The following two poems came out of our ‘Imagist’ workshop, where we read/examined/re-lived the brevity of William Carlos Williams ‘the red wheelbarrow’ (read the poem here).
Enjoy these takes on the lived moment, by Elizabeth Cairns and Thomas King:
I absolutely love the way they have created poems that orbit round a core image with simplicity and utter brevity – all much harder to achieve than you’d imagine!
I’m delighted to have two Graduate Poets on the programme this year (they completed the programme with me last year, and return to continue to develop as poets as well as to lead and contribute to our writers’ community). I’m excited to be able to share some current work by one of our Graduates, Elena Ignatyeva (year 10). It’s a privilege to continue mentor and support such talented poets. I think you’ll see what I mean, when you take a look at her new work –
What is it to be free? What does it look like, for you?
This week with my young writers, we had freedom in mind. We talked about personal freedoms. We discussed free verse and poetic form. We read a poem that’s overflowing with freedom in its use of language, music and powerful self-expression. We did some free writing. We felt free.
I’ve cheekily borrowed the title of this blog entry from that poem I’ve just been referring to: Toria Garbutt‘s joyful reminiscent song that celebrates the downtime of her past schooldays, ‘That inbetween space/ after school/ before tea/… just t’sunshine/ and t’tele/ and t’settee/ and me’
It’s such a punchy poem: wild and free. In our free writing time, when we let all ideas come, writing down everything (always applying our mantra: #nofilter), we borrowed Garbutt’s lines, using them as a point to launch from. We explored our own ‘inbetween spaces’, celebrating the moments when we’re released from timetables, revision, expectations, worries, responsibilities… The list goes on.
I’m so proud of the fact that this Young Writers’ mentoring programme at DGS opens up a window of freedom for these brilliant students. A chance to step back and just BE. From this place, they can produce stunning writing.
But it’s not just about the writing.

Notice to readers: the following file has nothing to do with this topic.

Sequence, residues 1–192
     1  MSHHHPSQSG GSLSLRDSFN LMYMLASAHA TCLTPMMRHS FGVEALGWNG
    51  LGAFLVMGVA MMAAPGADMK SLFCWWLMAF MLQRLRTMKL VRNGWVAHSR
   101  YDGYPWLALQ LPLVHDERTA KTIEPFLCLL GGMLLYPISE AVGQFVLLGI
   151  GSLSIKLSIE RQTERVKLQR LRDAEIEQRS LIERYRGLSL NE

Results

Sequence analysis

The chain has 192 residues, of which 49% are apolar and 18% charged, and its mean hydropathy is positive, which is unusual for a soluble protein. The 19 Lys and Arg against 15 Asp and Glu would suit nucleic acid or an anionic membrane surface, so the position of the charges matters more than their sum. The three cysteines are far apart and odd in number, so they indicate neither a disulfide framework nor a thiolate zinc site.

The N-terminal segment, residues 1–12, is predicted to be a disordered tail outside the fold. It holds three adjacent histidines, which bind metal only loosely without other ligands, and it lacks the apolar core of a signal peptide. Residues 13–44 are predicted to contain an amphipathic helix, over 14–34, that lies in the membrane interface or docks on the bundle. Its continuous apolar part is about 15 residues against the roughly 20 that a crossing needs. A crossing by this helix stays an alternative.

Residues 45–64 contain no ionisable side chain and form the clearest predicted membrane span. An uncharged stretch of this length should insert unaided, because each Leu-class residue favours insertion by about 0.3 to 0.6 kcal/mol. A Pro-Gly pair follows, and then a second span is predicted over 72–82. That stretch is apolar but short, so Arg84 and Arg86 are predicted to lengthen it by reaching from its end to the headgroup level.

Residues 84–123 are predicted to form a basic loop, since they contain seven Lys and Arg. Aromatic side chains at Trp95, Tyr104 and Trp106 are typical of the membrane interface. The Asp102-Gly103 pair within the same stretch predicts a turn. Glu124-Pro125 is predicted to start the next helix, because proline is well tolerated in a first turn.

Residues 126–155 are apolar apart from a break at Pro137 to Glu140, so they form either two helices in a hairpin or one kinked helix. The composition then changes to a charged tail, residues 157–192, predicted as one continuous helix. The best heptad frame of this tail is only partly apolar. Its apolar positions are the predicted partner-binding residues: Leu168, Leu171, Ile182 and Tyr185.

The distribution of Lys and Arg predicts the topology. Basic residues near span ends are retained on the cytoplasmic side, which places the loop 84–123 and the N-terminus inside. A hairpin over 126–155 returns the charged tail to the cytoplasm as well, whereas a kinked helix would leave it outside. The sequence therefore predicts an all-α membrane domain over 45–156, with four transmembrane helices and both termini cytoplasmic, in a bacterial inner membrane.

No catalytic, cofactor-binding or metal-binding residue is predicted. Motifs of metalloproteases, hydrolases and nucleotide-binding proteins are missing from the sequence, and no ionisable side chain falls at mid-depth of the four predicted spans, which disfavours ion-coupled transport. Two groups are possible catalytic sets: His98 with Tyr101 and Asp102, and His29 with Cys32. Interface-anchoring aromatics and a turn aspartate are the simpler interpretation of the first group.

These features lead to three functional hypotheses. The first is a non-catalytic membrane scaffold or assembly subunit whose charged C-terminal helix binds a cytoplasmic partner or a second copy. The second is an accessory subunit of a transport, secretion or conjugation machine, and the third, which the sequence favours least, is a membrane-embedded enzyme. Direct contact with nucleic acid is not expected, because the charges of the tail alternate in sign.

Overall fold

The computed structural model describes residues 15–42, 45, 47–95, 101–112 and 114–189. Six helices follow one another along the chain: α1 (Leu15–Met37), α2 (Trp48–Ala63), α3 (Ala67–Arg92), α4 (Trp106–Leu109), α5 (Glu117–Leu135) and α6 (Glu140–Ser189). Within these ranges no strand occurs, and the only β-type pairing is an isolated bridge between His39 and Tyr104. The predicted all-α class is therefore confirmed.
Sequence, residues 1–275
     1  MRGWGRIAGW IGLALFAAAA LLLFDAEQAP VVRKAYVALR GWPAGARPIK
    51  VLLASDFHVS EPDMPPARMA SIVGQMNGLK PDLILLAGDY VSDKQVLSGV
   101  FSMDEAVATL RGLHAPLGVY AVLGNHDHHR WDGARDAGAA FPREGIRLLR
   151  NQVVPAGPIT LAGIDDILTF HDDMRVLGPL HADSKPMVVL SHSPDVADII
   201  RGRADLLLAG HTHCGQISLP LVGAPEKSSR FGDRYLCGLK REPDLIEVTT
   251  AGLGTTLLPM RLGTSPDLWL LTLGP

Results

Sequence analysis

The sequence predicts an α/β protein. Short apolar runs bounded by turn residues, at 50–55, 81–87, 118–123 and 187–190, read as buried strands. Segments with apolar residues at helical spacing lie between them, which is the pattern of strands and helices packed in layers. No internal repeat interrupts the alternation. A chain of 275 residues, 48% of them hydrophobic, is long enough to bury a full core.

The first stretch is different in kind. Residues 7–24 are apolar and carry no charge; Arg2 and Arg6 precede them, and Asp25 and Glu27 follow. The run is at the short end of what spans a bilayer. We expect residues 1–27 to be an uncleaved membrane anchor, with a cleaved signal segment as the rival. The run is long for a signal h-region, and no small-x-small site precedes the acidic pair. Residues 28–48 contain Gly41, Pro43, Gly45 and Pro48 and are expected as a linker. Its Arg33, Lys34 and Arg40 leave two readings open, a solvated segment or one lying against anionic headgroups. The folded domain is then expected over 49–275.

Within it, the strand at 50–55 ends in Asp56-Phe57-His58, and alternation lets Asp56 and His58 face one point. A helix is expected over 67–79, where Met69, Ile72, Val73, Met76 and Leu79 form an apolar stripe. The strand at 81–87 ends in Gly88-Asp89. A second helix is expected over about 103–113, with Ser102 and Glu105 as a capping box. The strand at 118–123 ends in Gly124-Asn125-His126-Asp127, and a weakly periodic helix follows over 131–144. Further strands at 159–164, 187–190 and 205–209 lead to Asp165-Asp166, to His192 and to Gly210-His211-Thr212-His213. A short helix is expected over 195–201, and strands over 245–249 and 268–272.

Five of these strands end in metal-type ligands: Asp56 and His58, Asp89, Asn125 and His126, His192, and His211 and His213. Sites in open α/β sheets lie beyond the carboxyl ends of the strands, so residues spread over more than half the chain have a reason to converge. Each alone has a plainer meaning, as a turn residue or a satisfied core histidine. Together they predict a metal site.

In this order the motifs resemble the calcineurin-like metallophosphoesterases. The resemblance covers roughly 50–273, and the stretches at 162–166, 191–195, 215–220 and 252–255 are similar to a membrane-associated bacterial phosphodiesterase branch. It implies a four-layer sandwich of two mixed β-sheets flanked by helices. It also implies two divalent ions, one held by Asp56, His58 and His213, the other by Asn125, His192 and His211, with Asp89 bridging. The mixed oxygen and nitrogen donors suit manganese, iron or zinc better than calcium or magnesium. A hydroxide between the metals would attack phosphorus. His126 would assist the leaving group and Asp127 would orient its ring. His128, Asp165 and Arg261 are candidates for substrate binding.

Being free to be creative, to fulfill our creative potential, is an essential part of our lives. I recently ‘listened again’ to the important episode of BBC Radio4s Front Row, ‘Arts Education in Schools’. There were so many views presented from a range of relevant viewpoints, on the devastating decline of the arts subjects in England’s secondary schools, the reasons for it (EBacc, League Tables, Gove, to name a few) and the damaging impact this is likely to have on the next generation of Artists (of all kinds) in our country. It was an unmissable debate, please catch it up if you can.
Most importantly, the discussions in the programme highlighted the unlimited benefits of creativity for our young people. The debate was an essential reminder that being creative isn’t only good for the individual, it’s good for society as a whole. WE NEED CREATIVES, now and in the future, to bring their blue sky thinking, their innovation and wide-ranging problem-solving, to our industries – both creative and otherwise. We need ‘that inbetween space/ before bed/ after tea/ …just t’sunset/ n t’moonlight/ n t’universe/ n me.’
(You can read ‘The Universe And Me’ in Toria Garbutt’s amazing collection of the same name, published by the stonking indie publisher, Wrecking Ball Press.)
We’re now on week 3 of our Young Writers’ Mentoring programme 2018/19,
which I run as part of my Patron of Writing role at Didcot Girls’ School, so it’s high time I posted an update, methinks!
I guess what impressed me most at first about my new cohort of 23 year 9 and 10 students, was their openness to inspiration as writers.
I think it’s true to say that ALL writers (poets, novelists, bloggers, life writers etc) have periods of writer’s block, when the ideas go quiet and all moments of inspiration dry up. In that situation, it’s hard not to wobble and question yourself (‘I know I wrote that great thing ONCE, but what if I’m a one-trick pony? A fake?) Out of necessity, to combat these periods, we have to develop strategies for managing these crises. Prevention is generally better than cure; for this reason I start at the beginning with my mentees, challenging them on where and how they find their ideas, as well as how, where and why they ‘store’ them.
The refreshing news is that, during our week 1 discussion on this, the group contributed a wide range of places/events/stimuli where they find inspiration, as well as a broad spectrum of methods/technology they use for storing and retaining these ideas (as and when they encounter them!) Here are a handful of their ideas, as captured in my messy whiteboard notation, around the central question: ‘where do we get our ideas?’
My particular favourites here are: memes; ideologies and role play! It was also really refreshing that ‘stuff you read’ came up; this sparked another conversation later about how necessary and significant it is for writers to read.
The discussion proved to me that young writers are more alert and open to stimuli than more mature writers. As ‘adult’ writers, somehow we have to work harder at finding and retaining fresh ideas and material. I have to admit I’m a bit jealous.
Ultimately, it’s amazing to have these discussions, and I know that increasing their awareness of their own creative process will enhance their range and productivity even further. Which is pretty exciting.